Mayor, I’m frustrated! I received an email to register for an Evanston vaccination event but when I logged on there were no available times left. Why did you get my hopes up only to dash them? Also, how do I know you’re not giving priority to others in my age/priority group over me?

I wish we had enough vaccines to avoid this problem. If you were unable to register for your first opportunity to get the vaccine, you will receive another invitation when the next event is scheduled. The City schedules vaccination events only after we learn how many doses we’ll receive and when. This means that, while supplies are limited, these events are only scheduled a few days in advance, and there won’t be enough slots to accommodate all those eligible.

Please understand that we have many more eligible residents interested in receiving the vaccine than we have doses available. We’ll continue to follow our phased approach to vaccine distribution to ensure that those most vulnerable to COVID-19 are prioritized, but this is going to take time. Additionally, the City will continue to look for ways to improve our process.

I just registered for this week’s event, but my spouse, who’s the same age, wasn’t able to register, but needs the vaccine more than I do. Can they go in my place?

I understand that we each want to keep our friends and loved ones safe. One way to do that is to get vaccinated yourself. Regrettably, we cannot have anyone transferring their registration, or worse, selling their registration, to another. Please know that your spouse will be notified of the next available opportunity.

At the vaccination events, the City will only accept the individual registered for the event. You will need to bring a form of ID with you.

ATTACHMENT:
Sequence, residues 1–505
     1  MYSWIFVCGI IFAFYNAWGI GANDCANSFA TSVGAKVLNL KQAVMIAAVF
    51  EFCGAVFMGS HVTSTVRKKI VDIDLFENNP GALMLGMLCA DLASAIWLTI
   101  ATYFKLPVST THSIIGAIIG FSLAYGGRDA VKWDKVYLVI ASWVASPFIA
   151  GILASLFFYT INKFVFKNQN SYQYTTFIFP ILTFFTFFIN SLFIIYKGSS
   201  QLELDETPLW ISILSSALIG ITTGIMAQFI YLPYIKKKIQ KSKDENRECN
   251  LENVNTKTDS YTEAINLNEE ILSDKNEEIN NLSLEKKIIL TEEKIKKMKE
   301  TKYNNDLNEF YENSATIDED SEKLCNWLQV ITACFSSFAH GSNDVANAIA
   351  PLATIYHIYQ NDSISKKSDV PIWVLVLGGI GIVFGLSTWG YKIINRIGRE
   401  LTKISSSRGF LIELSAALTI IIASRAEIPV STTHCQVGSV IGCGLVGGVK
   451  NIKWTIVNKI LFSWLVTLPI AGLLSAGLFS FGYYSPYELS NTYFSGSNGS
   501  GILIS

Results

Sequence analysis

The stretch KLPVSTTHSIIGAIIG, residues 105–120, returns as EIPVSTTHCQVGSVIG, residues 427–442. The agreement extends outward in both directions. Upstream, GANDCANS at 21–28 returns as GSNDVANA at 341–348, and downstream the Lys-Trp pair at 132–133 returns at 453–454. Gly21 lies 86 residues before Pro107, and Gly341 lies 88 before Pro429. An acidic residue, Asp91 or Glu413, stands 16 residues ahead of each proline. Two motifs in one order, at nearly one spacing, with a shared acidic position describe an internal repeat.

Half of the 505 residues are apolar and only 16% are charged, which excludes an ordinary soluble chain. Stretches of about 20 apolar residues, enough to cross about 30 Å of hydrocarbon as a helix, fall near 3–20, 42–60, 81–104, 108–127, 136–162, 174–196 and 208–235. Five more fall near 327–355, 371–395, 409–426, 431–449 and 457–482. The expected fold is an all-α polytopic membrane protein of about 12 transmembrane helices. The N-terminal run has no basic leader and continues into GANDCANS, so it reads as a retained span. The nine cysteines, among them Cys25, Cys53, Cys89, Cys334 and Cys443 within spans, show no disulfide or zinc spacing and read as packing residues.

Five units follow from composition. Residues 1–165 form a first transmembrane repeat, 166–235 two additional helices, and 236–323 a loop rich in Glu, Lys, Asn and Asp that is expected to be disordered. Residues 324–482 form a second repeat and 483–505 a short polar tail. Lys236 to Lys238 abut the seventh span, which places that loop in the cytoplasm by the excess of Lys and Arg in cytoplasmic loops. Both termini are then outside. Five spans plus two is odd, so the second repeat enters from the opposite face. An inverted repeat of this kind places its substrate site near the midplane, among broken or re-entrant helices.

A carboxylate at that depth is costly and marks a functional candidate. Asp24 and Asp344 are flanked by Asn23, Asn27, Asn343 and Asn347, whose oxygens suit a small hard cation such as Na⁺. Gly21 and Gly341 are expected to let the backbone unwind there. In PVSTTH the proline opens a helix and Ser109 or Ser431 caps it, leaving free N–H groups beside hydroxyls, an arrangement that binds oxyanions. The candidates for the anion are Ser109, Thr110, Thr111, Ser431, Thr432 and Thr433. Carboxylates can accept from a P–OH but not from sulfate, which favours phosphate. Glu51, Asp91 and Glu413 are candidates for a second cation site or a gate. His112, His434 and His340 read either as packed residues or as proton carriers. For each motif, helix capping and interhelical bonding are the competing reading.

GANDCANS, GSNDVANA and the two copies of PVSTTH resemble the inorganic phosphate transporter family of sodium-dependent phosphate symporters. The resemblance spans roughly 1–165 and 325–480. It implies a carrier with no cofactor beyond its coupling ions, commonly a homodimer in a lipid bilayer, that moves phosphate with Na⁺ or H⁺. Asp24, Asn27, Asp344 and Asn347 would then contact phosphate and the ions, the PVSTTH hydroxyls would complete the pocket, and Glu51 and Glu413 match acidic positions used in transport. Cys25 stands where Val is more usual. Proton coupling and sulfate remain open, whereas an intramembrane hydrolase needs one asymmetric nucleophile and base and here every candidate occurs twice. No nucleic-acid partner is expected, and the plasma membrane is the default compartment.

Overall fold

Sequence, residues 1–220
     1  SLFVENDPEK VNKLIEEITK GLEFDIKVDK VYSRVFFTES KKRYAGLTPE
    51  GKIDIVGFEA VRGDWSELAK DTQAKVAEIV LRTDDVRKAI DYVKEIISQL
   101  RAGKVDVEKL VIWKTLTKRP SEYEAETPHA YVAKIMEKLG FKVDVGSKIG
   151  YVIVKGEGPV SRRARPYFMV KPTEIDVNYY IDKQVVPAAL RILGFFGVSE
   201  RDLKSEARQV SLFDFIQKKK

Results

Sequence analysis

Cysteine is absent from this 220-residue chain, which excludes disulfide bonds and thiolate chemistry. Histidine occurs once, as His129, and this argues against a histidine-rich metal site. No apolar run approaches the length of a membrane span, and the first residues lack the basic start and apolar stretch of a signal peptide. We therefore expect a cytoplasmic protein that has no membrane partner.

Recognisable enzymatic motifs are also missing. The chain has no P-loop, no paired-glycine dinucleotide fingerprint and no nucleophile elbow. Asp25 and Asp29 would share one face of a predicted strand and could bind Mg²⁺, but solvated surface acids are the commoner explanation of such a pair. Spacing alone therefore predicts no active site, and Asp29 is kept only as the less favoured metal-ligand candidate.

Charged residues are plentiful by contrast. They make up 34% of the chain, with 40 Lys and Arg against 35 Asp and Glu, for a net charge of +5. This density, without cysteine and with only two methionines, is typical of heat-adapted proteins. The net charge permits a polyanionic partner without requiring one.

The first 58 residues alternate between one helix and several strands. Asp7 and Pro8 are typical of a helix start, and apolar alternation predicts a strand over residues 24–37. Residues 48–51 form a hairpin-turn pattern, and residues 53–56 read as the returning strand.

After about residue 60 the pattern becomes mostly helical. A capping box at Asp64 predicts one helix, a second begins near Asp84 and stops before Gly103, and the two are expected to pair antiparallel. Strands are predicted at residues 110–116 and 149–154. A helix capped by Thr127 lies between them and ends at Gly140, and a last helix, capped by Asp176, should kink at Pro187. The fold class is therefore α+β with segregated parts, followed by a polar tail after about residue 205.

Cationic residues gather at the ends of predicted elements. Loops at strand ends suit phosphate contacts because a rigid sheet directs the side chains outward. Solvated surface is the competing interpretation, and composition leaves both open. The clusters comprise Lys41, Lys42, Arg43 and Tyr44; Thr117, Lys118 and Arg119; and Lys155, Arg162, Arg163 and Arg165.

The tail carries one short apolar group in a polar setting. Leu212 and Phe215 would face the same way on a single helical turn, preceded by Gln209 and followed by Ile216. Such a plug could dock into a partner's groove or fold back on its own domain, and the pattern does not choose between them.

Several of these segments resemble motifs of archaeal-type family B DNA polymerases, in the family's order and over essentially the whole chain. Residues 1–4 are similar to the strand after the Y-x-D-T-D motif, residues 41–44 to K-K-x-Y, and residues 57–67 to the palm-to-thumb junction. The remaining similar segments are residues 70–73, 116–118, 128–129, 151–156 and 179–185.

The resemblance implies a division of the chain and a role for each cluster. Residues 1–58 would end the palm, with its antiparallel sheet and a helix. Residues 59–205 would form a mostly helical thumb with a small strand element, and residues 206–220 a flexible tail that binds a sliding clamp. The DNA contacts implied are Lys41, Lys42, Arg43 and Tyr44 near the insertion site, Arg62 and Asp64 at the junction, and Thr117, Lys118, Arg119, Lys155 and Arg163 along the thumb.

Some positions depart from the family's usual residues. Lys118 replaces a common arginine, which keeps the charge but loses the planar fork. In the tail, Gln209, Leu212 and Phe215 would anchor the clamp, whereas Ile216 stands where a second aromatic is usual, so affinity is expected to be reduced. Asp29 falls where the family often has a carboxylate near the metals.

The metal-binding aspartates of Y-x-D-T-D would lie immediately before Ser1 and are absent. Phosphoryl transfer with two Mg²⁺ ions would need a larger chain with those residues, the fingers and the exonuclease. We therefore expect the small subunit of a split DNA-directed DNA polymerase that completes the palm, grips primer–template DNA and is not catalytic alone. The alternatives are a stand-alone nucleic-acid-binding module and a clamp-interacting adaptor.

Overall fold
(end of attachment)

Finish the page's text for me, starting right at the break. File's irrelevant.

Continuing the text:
Where else will vaccines be available as the supply increases?

Ultimately, it’s expected that individuals will be able to get vaccinated through their pharmacy, physician, health care clinics, national retailers, possibly their employers, and their local health department. My hope is that as different channels open up that there will be coordination among the governments and different partners so that those most at risk are vaccinated first, and that we have a consistent message to share with the public.

If I have the opportunity to be vaccinated outside of a City of Evanston vaccination event, should I?

Yes. There’s no harm in registering to get the vaccine elsewhere. My only request is that you do so only with a reputable, trusted source, such as your doctor or pharmacy. Sadly, unscrupulous actors will appear at your door, on the phone, or via the Internet, offering you a vaccine for a fee. Don’t be duped.

If you’ve read this far, I know you’re thirsty for information on vaccinations in Evanston. You can find more Frequently Asked Questions here. The City will continue to do its best to keep you up to date as the process evolves and as more reliable information becomes available to us. I know more questions will be generated because of this message. We’ll arrange to have another “Coronavirus Q&A” in the next week or so to answer them. 

Lastly, please remember that vaccinations are only the beginning of the end of the pandemic. We need to continue to follow all public health protocols – wearing masks, socially distancing, avoiding large crowds, etc. – until we can get enough people vaccinated so that the virus has fewer places to go. 

Keep up the good work, Evanston, and continue to have faith, even when it’s frustrating and difficult. Together, we can and will rid our community, country, and world of this deadly virus.